NY, Alden Brothers, 1905. Jones -- poet, inventor of canning processes and oil heaters (as well as having the ability to speak to the dead) -- opened, in 1890, what may have been America's first all-women's business, the Women’s Canning and Preserving Company, stating, “This is a woman’s industry. No man will vote our stock, transact our business, pronounce on women’s wages, [or] supervise our factories. Give men whatever work is suitable, but keep the governing power...Here is a mission, let it be fulfilled.” This book of poems is inscribed by Jones: "Editor American Hebrew/ with compliments of the Author." Bookplate of Russ and Janet McGrew beneath the inscription. The title of one of Jones's previous books has been corrected in pencil on the title page, possibly by the author. Wear to the cloth at the edges and joints; a very good copy, without dust jacket.
KRONE, Julie
Riding for My Life
Boston, Little Brown, (1995). A memoir by the first woman to win a Triple Crown race, the Belmont Stakes, in 1993. Signed by the author, with a smiley face. Co-authored by Nancy Ann Richardson. Fine in a very near fine dust jacket, with a blurb by Billie Jean King.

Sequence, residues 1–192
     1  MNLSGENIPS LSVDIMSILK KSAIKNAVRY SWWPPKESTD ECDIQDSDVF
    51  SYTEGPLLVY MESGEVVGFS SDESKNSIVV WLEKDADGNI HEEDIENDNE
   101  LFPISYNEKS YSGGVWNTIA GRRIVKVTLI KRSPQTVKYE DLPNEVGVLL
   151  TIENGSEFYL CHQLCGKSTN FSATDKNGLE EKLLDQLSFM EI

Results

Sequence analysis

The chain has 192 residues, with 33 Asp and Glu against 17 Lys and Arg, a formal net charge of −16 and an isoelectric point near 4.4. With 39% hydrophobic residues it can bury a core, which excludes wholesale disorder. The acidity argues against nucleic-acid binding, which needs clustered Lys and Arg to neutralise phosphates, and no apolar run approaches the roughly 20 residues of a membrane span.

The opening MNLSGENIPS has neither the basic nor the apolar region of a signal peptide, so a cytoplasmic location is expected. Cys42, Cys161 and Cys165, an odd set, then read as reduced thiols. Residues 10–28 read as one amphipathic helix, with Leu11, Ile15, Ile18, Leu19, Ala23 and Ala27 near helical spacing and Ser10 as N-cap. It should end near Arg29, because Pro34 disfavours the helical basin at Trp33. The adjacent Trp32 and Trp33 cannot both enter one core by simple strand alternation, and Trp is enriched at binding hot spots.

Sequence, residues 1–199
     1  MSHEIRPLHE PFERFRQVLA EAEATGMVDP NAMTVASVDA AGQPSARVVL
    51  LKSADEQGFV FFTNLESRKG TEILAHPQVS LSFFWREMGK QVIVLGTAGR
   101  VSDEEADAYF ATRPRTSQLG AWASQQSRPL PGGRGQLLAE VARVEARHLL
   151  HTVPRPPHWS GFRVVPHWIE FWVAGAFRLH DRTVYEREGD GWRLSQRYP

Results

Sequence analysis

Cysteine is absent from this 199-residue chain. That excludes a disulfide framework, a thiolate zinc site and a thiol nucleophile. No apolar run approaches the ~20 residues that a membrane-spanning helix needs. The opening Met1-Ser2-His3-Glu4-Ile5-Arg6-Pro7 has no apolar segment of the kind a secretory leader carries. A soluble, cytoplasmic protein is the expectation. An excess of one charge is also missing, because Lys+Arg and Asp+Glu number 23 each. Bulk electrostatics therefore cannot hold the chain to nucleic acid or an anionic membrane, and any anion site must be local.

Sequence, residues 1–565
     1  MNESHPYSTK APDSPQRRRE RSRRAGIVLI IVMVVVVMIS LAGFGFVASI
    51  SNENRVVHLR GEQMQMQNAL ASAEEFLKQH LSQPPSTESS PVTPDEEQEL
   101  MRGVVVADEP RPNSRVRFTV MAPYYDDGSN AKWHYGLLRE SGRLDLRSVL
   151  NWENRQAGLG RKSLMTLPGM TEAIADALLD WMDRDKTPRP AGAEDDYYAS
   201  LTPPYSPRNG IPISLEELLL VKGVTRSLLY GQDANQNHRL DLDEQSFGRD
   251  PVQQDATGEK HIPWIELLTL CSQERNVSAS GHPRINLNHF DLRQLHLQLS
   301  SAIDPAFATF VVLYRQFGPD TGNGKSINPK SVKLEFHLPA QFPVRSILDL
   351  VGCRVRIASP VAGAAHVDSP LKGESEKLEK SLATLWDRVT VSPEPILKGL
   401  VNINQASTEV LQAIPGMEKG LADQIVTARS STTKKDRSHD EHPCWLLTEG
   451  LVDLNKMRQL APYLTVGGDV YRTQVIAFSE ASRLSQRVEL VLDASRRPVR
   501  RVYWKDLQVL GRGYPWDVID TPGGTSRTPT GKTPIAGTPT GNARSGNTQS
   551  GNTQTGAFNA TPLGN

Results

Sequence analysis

LUDTKE, Melissa
On Our Own
NY, Random House, (1997). Ludtke was a reporter for Sports Illustrated when she was denied access to the New York Yankees' clubhouse during the 1977 World Series. In 1978, she won the court case Ludtke vs. Kuhn, gaining equal access for female reporters. This title is an in-depth study of unmarried motherhood in America, is inscribed by Ludtke in the year of publication. Very near fine in a very near fine dust jacket.
MACE, Nancy
In the Company of Men
NY, Simon & Schuster, (2001). The autobiography of the first woman to graduate from The Citadel, the military college in South Carolina, in 1999 (following Shannon Faulkner's long battle to become the first female cadet, in 1995). Inscribed by Mace. Written with Mary Jane Ross. Fine in a fine dust jacket, with a jacket blurb by author and fellow Citadel alumnus, Pat Conroy.
McCLURE, Tori Murden
A Pearl in the Storm
(NY), Collins, (2009). The story of the first woman to row solo across an ocean (the Atlantic), albeit mostly the story of her failing to be the first woman to row solo across the Atlantic the preceding year. Inscribed by the author. Made into the musical Row. McClure, who is a lawyer and an EMT, with an MFA in writing, and a Masters in Divinity from Harvard, was also the first woman to ski to the geographic South Pole. Fine in a fine dust jacket.
MYERS, Dee Dee
Why Women Should Rule the World